The editing and "symbolism" of the movie is also amateurish. There is no subtlety in this film- everything hits you on top of the head with a lead mallet. For example, the film starts off by juxtaposing images of animals with people...which was a little cheesy but I was willing to forgive it if the film kept up the motif. Nope. Just some random images of animals in the first 10 minutes and then never again. Why even bother? It's like the film is trying to impress some "film school" teacher. Random shots and juxtapositions happen for no other reason than "because it makes the film look smart." It's not, though- it's just obvious and cheesy.
There were also no clever ideas or insights to the human condition here...just clichéd messages about life that you can get from any 9th grade biology book.
OK, so before you say I'm taking it too seriously, and this is just supposed to be a popcorn action flick, I will admit some of the action scenes are awesome. However, they're the same scenes we saw in the trailer, or we've simply seen them done before in other films, but better.
I would not recommend this film, at least not in the theater. Rent it or stream it or whatever, but this isn't a film to pay good money for. There are much better films out there about the same idea.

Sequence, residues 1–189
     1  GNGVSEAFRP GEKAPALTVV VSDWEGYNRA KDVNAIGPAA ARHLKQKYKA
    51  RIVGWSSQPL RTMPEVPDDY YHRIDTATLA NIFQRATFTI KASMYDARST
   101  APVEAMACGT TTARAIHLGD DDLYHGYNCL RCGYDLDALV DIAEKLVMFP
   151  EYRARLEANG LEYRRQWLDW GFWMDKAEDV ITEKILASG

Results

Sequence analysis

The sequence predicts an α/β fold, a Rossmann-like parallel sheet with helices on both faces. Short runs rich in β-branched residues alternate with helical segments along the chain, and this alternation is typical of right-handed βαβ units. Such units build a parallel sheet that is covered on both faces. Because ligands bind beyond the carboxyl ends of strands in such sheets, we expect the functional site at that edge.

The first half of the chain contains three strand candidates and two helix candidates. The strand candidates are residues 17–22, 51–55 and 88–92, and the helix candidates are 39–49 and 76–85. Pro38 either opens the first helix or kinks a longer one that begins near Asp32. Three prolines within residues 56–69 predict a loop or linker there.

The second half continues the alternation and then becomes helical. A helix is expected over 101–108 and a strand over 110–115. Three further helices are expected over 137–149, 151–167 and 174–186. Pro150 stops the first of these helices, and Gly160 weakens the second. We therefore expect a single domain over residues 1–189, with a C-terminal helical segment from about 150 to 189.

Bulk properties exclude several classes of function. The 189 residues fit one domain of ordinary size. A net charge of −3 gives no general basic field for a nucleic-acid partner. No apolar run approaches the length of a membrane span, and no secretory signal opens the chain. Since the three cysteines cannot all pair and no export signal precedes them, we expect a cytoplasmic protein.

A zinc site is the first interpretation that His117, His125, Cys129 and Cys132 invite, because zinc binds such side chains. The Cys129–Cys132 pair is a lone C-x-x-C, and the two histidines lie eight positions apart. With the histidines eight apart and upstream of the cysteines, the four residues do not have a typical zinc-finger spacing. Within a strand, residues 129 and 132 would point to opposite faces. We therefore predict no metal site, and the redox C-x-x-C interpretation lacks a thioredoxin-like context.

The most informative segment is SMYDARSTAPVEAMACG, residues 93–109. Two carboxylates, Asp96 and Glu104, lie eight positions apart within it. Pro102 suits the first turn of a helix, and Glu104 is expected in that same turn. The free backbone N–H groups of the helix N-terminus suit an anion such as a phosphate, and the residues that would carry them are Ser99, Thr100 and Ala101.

X-Men: Days of Future Past (2014)
Fear not, it's better than X3 and the Wolverine movies.
It's hard to review this movie without spoilers, but here it goes:
It's a very "epic" X-men movie...probably the most epic yet. For better or worse, there's a lot going on in this movie- future and past time-lines and characters...if I have one complaint, it's that there's so much to the story that some scenes happen too quickly just because they need to.
There are also some head-scratching lines of dialogue and plot elements (don't even get me started on how the time-line is supposed to work with the previous movies).
But that's all being technical, the movie succeeds where it needs to: the story is interesting, the acting is good, the action is pretty awesome (though we don't get as much as I wanted), and the effects are the best yet.
A lot of people are raving about this movie, and I hate to say I don't really know why- it was good, but not great. I wouldn't say it's the best X-men movie, but it's a welcomed addition.
The Amazing Spider-Man 2 (2014)
Better than the first one, but seriously flawed.